If you visit just one secular attraction in Bucharest, make it this one; the guided tour provides excellent historical insights and is a worthwhile survey of architectural trends in Romania. Cotroceni Palace (the official residence of the president, hence the tight security) was built by Carol I in the late 19th century, and became the loveless home of Ferdinand, his nephew and adopted heir, and the young Queen Marie, but has undergone many transformations since the initial designs were executed: During Ceausescu's dictatorship it was used as the "Pioneer's Palace," where young leaders were schooled in the ways of Communism, and -- after the devastating earthquake of 1977 -- restored as a guesthouse, although it never served this function. You will pass through a host of reception rooms, sleeping quarters, and private chambers, each styled to a particular theme: the German New Renaissance dining room, private dining quarters of Carol I in Florentine style; Oriental painting room used by Queen Marie and her children; the hunting room which showcases trophies hunted by King Ferdinand, as well as bearskin rugs hunted by Ceausescu. Interestingly King Ferdinand's apartments are done out in a far more dainty, feminine style than Queen Marie's, whose quarters are quite austere -- living proof of who wore the pants in this relationship. Note: You need to phone ahead and book one of the tours, and you must bring your passport as a security deposit; ask your taxi driver to wait for you, or order a cab in advance, as the museum entrance is on a busy road in the middle of nowhere.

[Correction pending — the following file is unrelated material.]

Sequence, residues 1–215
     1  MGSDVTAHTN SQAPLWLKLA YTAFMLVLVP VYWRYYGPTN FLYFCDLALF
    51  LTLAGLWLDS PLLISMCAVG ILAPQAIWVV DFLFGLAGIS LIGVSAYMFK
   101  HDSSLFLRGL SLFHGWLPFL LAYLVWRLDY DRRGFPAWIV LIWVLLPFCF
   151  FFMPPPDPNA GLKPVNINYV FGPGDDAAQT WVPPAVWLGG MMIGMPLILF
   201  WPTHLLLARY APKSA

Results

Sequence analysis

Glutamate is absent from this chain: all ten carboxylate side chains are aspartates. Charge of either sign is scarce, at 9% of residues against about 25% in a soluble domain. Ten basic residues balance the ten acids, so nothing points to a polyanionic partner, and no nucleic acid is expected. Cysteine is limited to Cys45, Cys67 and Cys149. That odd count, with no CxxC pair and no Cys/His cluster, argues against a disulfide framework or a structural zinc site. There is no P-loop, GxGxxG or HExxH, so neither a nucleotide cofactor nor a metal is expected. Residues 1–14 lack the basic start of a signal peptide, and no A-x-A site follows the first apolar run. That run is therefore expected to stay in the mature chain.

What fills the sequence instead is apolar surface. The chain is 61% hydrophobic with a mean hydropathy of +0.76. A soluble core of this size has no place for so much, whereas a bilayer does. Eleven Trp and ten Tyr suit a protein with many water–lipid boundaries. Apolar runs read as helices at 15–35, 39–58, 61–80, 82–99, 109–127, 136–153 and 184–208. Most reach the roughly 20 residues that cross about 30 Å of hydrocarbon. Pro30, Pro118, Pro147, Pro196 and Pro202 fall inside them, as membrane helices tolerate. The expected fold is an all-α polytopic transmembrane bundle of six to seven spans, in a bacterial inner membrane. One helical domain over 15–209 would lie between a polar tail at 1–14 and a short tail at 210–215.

- © Frommer's 2013
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Ask Bucharest Locals about Controceni Museum (Muzeul Cotroceni)
- Very Highly Recommended 2010